book itself, inimitable by any human pen; rous hydræ. There are 28 species. From and therefore insisted on as a permanent some experiments made by Mr. Hatchett, miracle, greater than that of raising the and related by him in the Phil. Trans. on dead, and alone sufficient to convince the several of the species of alcyonium he was led world of its divine original; and to this mi- to conclude, that they were all composed of racle did Mahomet himself chiefly appeal, a soft, flexible, membranaceous substance, for the confirmation of his mission, publicly slightly bardened by carbonate, mixed with challenging the most eloquent schoolmen in a small portion of phospate of lime. Arabia, to produce a single chapter com ALDEBARAN, in astronomy, a star of parable to it. A late ingenious and candid the first magnitude, called in English the writer, who is a very good judge, allows the Bull's eye, as making the eye of the constelstyle of the Alcoran to be generally beautiful lation Taurus. and fluent, especially where it imitates the ALDER-tree, the English name of a geprophetic manner, and scripture phrase; nus of trees, called by botanists alnus. See concise, and often obscure ; adorned with ALNUS. bold figures, after the eastern taste; enli ALDERMAN, in the British policy, a vened with florid and sententious expres. magistrate subordinate to the mayor of a sions ; and, in many places, especially where city, or town-corporate. the majesty and attributes of God are des. The number of these magistrates is not cribed, sublime and magnificent.

limited, but is more or less according to the To the pomp and harmony of expression magnitude of the place. In London they some ascribe all the force and effect of the are twenty-six; each having one of the wards Alcoran ; which they consider as a sort of of the city committed to his care. Their music, equally fitted to ravish and amaze, office is for life; so that when one of them with other species of that art. In this Ma- dies or resigns, a ward-mote is called, who homet succeeded so well, and so strangely return two persons, one of whom the lord captivated the minds of his audience, that mayor and aldermen choose to supply the several of his opponents thought it the effect vacancy. of witchcraft and enchantment, i he him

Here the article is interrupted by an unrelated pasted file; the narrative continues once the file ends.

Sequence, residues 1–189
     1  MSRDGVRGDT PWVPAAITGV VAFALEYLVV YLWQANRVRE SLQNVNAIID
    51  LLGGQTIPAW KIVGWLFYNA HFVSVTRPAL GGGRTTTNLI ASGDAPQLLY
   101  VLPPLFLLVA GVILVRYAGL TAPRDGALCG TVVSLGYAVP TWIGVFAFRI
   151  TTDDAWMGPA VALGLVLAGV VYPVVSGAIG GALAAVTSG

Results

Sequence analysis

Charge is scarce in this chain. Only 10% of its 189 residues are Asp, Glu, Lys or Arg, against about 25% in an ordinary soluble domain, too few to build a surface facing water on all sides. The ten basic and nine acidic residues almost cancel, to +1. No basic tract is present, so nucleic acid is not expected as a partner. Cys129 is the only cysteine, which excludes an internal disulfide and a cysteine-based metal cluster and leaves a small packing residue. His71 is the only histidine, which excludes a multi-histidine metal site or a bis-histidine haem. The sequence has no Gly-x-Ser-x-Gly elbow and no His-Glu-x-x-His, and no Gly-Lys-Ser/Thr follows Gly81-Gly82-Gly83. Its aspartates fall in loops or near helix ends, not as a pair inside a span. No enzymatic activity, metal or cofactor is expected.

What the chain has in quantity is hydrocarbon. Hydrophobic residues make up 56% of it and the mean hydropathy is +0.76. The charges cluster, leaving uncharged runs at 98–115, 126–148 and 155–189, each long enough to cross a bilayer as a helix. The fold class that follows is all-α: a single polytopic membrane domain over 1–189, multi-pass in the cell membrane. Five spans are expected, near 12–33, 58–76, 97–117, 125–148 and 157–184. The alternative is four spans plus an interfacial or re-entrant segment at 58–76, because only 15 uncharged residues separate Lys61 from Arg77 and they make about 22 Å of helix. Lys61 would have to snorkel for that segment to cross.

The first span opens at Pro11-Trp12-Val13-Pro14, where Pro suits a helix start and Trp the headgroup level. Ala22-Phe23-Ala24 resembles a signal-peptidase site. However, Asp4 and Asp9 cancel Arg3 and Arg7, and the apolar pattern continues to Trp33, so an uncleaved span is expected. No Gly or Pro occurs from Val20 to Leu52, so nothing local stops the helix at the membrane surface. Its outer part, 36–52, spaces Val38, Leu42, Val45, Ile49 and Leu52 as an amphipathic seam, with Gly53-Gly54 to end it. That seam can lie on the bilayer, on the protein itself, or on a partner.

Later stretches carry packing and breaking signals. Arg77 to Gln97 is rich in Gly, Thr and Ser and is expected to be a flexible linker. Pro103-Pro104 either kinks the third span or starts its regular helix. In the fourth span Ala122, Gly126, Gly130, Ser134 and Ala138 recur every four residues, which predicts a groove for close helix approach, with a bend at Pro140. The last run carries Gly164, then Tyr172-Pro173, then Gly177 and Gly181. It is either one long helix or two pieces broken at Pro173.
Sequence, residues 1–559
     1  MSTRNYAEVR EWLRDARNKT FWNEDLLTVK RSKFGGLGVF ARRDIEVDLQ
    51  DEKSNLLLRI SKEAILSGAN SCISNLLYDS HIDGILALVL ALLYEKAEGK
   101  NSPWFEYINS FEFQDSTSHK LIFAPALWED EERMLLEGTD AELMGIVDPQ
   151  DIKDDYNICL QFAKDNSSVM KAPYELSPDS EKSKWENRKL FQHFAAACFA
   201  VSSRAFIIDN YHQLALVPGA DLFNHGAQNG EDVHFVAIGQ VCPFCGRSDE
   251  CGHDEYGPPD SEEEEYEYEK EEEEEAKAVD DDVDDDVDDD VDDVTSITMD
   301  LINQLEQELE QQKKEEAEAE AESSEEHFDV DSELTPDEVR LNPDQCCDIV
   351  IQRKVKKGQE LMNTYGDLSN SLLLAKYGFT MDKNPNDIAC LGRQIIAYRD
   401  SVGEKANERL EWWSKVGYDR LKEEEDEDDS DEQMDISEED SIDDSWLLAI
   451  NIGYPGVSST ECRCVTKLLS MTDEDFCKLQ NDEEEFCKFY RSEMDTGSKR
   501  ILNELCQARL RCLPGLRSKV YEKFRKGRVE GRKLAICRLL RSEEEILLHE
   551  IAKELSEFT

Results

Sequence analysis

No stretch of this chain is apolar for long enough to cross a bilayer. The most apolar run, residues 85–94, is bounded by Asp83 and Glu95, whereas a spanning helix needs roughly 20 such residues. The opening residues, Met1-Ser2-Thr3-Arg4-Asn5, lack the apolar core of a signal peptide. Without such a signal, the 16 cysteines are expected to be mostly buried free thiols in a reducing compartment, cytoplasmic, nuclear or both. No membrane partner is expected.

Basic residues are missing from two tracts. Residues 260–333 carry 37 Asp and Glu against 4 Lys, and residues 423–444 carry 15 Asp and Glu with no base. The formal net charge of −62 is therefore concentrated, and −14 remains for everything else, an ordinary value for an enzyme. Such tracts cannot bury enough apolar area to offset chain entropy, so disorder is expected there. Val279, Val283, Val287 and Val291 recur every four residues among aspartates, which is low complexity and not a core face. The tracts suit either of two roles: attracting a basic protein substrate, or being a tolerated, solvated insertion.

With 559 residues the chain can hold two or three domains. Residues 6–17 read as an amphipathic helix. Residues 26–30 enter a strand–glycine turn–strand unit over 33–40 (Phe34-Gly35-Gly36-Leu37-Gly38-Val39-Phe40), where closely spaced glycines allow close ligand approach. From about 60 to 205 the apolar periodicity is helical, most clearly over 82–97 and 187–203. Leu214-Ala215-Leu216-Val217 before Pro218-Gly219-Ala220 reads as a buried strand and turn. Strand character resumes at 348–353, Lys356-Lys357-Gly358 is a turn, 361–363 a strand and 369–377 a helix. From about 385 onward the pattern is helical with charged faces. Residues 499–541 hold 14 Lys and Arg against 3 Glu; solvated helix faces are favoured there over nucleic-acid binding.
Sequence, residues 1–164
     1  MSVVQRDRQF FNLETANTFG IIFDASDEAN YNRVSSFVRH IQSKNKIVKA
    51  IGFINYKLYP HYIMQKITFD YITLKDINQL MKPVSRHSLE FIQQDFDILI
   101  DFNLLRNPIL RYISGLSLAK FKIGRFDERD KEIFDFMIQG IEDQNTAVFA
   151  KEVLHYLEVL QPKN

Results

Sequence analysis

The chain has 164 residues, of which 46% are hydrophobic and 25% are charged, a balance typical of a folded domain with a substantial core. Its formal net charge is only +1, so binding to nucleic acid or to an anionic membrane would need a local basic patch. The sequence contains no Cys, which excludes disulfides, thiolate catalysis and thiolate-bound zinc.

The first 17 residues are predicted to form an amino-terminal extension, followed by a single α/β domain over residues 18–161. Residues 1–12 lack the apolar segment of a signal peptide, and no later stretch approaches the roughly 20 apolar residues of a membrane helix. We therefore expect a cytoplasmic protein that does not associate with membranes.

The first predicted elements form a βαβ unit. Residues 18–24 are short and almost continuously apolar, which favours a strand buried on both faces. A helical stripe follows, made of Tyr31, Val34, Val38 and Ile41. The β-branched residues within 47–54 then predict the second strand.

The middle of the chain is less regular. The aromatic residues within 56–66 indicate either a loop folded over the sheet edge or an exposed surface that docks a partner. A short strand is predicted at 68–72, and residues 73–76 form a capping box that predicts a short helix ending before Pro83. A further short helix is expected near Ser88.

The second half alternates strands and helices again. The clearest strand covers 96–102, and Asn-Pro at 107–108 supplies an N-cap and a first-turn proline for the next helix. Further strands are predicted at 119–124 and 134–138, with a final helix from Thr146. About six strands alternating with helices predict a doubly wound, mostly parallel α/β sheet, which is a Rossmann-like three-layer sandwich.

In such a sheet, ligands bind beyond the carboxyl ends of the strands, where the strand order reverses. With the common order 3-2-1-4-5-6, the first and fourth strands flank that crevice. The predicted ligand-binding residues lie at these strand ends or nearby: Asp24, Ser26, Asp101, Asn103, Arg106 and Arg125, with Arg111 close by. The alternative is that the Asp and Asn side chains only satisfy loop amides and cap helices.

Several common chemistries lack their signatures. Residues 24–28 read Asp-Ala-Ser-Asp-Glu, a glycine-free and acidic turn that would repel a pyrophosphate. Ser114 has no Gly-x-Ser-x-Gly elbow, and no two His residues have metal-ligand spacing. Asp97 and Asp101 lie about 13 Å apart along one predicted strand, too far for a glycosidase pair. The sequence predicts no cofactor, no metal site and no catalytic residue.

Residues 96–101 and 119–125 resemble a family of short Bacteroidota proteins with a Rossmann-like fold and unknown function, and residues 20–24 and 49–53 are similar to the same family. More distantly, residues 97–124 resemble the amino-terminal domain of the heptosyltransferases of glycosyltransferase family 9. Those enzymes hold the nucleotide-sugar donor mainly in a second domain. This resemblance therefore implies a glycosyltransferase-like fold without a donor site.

ALBROVANDA, in botany, a genus of self complains.

the Pentantria Pentagynia class and order, So numerous are the commentaries on the of which there is only one species, viz. the Alcoran, that a catalogue of their bare titles A. vesiculosa, found in marshes in Italy would make a volume: we have a very ele- and India, with bladders like utricularia, but gant translation of it into English by Mr. in bunches. Sale; who has added a preliminary discourse, ALE-conner, an officer in London, who with other occasional notes, which the cu- inspects the measures of public houses. They rioas may consult on this head.

are four in number, and chosen by the comAmong Mahometans this book is held in mon-hall of the city. the greatest reverence and esteem. The Ale-houses, no licence to be granted to Mussulmen dare not touch it without being any person unless he produce a certificate first washed, or legally purified ; to prevent of his good character, under the hands of the which an inscription is put on the cover or clergyman, churchwardens, &c. Penalties Label: “Let none touch it but they who for selling without a licence, unless at fairs, are clean," It is read with great care and 408. for the first offence, 41. for the second : respect. They swear by it, take omens